If the climate change issue is any indication, President Duterte appears to be inclined lately to include the consensus of his Cabinet in his official decision-making. He had previously declared his dislike for the Philippines to commit to the Paris Agreement on Climate Change and help in the international effort to reduce greenhouse gas emissions, saying this was a lopsided, onerous and even hypocritical imposition on a poor country by developed nations. But he has since changed his mind and announced that the government would ratify the agreement, and crediting his Cabinet’s recommendation for the shift in policy.
He may want to consult his official family again, especially his national security cluster, on the wisdom of his forceful embrace of the discredited Nur Misuari. The former governor of the Autonomous Region in Muslim Mindanao and founder of the once-secessionist Moro National Liberation Front has been a fugitive from the law since 2013, when a faction of the MNLF loyal to him laid siege to Zamboanga City.
The reason? Misuari was furious at having been excluded from the peace talks that the administration of President Benigno Aquino III had initiated with the Moro Islamic Liberation Front—talks that appeared to be going swimmingly for a period that the contours of a new Bangsamoro political entity replacing the ARMM was under serious discussion. Misuari threw a tantrum at what he felt was his enforced irrelevance by sanctioning his followers’ rampage in Zamboanga. After 18 days of tension and violence, Zamboanga, a major economic hub in the South, lay bleeding from the enormous damage—parts of it in rubble, a number of civilians dead, more than 100,000 people displaced.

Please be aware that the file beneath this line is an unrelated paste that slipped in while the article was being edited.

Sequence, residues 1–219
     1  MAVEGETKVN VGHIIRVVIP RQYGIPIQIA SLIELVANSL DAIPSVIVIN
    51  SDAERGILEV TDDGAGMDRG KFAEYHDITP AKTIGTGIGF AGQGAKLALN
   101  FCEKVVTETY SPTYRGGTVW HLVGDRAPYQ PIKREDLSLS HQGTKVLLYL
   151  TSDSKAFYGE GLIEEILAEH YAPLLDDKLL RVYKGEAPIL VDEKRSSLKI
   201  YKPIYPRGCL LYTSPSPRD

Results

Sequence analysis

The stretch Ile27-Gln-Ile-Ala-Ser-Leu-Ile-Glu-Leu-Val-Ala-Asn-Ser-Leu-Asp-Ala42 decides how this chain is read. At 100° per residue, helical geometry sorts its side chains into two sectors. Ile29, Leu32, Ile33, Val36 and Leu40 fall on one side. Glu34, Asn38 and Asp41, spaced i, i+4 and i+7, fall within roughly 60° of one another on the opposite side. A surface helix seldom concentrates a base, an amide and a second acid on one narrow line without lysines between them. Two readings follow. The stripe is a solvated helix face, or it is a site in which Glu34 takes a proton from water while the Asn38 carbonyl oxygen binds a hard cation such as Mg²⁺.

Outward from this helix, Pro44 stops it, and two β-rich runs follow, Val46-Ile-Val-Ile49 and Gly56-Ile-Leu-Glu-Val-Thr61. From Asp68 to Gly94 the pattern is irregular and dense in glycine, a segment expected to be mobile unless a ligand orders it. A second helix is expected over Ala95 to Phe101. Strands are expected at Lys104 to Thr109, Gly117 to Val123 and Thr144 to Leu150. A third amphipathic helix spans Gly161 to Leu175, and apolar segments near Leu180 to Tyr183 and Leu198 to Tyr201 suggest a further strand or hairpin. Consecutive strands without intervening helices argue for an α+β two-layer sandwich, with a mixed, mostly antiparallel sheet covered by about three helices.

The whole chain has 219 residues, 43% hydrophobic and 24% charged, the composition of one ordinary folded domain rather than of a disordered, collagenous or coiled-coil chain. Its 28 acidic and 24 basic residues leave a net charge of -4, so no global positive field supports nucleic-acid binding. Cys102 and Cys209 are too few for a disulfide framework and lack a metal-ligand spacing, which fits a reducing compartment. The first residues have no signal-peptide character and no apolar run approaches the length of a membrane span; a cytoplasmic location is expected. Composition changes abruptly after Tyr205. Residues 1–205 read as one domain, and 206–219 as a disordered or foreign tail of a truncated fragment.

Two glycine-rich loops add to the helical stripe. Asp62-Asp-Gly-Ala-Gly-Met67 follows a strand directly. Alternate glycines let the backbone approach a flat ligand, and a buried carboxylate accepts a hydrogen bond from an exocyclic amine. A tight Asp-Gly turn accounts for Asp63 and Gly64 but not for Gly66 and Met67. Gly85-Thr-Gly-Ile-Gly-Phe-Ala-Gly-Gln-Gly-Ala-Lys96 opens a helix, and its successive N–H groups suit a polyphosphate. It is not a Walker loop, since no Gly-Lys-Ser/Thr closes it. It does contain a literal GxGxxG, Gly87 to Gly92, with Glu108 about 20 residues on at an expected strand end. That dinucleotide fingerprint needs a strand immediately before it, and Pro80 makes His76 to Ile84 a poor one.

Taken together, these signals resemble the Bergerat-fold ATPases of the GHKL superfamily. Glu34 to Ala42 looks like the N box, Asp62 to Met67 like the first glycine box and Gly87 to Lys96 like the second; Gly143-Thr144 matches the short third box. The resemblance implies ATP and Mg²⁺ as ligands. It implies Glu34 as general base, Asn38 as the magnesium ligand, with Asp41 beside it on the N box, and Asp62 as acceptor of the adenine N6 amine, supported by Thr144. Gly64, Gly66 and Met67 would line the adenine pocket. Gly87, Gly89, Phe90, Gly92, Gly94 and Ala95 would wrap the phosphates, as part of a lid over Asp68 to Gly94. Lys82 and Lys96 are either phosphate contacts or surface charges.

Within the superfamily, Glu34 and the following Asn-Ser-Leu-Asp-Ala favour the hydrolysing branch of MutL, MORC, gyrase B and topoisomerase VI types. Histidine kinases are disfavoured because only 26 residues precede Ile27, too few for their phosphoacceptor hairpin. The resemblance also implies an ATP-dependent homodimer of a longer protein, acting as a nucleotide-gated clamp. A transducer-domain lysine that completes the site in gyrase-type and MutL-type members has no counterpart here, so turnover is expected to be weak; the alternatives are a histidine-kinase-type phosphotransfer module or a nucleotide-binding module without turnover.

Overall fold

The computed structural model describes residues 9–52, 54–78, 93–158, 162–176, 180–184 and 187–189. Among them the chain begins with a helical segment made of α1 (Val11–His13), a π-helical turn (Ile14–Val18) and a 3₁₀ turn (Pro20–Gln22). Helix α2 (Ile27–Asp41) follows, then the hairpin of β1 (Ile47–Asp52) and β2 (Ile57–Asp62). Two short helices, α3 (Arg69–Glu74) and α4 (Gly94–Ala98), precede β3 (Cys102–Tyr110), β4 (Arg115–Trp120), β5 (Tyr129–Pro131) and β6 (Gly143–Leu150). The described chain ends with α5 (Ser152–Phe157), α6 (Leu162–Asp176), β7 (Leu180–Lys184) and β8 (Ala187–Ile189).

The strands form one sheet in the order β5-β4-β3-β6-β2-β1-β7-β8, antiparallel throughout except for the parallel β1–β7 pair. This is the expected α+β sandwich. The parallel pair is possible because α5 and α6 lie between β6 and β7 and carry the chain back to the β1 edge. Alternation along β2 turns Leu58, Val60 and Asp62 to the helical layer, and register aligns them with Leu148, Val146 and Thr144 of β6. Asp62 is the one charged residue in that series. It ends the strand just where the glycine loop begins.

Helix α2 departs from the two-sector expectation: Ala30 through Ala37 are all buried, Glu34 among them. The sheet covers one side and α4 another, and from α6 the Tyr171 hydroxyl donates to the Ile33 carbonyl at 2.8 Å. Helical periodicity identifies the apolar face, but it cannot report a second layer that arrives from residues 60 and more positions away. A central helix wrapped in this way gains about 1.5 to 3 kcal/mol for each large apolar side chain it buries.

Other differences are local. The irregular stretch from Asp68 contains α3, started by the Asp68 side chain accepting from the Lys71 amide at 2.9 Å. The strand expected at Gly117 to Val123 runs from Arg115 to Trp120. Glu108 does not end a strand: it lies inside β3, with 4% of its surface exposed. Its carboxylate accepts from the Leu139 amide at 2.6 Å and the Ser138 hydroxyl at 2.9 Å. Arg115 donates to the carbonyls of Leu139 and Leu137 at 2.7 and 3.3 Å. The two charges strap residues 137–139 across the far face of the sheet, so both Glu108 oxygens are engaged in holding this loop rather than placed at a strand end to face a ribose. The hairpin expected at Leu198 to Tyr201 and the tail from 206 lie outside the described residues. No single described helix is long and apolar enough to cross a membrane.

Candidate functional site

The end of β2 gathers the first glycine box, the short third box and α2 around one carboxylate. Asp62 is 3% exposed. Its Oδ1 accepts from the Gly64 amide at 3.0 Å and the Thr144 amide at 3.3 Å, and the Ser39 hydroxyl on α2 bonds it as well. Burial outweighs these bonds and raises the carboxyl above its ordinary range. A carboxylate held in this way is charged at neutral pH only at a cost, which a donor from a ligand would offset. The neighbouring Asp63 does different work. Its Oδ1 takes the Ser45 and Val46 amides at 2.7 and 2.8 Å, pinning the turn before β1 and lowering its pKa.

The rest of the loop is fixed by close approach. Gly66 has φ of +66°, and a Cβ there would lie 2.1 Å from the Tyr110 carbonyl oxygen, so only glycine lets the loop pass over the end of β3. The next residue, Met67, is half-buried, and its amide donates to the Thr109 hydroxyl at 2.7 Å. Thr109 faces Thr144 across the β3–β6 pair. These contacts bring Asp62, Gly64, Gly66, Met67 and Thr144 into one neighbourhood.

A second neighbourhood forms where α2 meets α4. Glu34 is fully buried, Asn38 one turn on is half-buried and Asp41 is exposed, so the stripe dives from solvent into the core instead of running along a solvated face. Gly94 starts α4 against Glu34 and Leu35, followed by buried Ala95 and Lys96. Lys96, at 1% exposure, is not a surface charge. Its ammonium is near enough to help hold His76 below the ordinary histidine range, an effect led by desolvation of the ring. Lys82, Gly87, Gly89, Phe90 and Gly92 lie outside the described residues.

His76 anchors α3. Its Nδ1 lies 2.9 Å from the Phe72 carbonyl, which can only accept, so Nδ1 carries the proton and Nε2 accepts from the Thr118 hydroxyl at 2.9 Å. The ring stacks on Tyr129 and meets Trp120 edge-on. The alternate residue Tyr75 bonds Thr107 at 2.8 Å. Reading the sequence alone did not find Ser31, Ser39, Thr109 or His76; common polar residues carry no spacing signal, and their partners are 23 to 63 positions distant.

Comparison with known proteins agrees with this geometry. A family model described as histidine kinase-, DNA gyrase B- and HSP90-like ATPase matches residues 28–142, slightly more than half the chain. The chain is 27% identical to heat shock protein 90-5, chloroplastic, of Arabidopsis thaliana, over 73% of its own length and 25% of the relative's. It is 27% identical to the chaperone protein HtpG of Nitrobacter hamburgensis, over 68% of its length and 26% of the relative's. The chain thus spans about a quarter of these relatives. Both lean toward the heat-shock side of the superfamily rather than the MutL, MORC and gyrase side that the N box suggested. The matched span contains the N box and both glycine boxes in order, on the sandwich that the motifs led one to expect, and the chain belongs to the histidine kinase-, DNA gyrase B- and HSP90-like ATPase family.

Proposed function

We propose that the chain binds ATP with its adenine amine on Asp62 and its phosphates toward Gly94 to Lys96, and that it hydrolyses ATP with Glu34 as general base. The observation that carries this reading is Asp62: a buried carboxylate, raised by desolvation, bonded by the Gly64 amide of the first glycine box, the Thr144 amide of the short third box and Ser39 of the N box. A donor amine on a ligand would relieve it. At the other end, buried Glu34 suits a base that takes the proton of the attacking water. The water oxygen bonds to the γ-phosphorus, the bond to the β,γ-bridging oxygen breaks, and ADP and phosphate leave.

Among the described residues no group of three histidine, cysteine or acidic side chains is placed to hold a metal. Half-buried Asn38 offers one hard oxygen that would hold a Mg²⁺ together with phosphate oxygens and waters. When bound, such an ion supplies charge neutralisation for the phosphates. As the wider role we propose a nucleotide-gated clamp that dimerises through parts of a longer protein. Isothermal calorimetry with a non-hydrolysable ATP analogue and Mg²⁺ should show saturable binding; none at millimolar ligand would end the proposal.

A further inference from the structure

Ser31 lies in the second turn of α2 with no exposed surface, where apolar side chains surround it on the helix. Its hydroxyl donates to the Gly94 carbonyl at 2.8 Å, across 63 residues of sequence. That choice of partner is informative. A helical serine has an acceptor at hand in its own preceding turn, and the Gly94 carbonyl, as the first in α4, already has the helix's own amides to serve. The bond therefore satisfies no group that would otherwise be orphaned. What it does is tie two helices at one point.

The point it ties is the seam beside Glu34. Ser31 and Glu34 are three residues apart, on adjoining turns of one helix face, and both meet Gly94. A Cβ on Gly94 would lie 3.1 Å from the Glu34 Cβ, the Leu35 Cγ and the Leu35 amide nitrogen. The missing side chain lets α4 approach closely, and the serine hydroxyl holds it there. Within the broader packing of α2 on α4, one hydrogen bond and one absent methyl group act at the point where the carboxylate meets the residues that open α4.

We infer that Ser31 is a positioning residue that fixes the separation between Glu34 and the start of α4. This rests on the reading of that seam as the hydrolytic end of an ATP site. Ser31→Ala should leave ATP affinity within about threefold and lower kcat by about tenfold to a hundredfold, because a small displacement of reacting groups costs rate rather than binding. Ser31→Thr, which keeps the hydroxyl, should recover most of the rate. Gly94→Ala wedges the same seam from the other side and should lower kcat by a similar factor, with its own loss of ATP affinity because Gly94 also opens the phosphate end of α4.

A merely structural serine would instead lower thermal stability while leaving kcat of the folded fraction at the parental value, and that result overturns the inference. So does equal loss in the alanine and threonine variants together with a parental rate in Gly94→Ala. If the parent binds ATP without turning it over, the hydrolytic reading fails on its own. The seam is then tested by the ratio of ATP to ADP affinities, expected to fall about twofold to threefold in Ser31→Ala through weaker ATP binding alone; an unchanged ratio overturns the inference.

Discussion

A warrant was issued for Misuari’s arrest but he disappeared, reportedly hiding out in Malaysia. But early this year, sensing the political winds shifting with the elections near and a sympathetic Mindanaoan candidate, Mayor Duterte of Davao, bidding fair to become the Philippines’ next president, he emerged from his jungle fastness and preened before his followers in an MNLF “plenum” in Sulu.
Despite his wanted status, Misuari was apparently confident that his political exile was about to end. True enough, among the first things the newly inaugurated President Duterte signaled was his willingness to set aside the law and reinstate Misuari as a serious partner in the peace process he envisioned for Mindanao. Soon he called for the suspension of the warrant for Misuari’s arrest and invited the MNLF leader to visit Malacañang.
That visit came to pass a week ago, with Misuari flying out of Jolo in a private plane and meeting the President in the Palace. Mr. Duterte even allowed him to make his statement from the presidential podium—an unprecedented breach of protocol, but one that Misuari lapped up as he expressed profuse thanks for the political resurrection granted him by the administration.
Mr. Duterte may know something about Misuari that the public doesn’t, hence his fulsome accommodation of the former rebel. But there is the public record: Aside from the Zamboanga carnage for which he still has to account, Misuari was a failure as ARMM governor, frittering away the billions of pesos poured into the region and basically botching the job that was given him as a virtual reward for forging a peace agreement with the Ramos administration in 1996.
In other words, he had his chance, and he blew it. Why is the Duterte administration now rehabilitating someone who has, at the very least, failed his own people? If Mr. Duterte’s aim is to be inclusive in his Mindanao peace campaign, where are the similar overtures to the MILF and other stakeholders in the region? How come Misuari appears to enjoy the favored ear—as if the country hasn’t learned its painful lesson from his track record?
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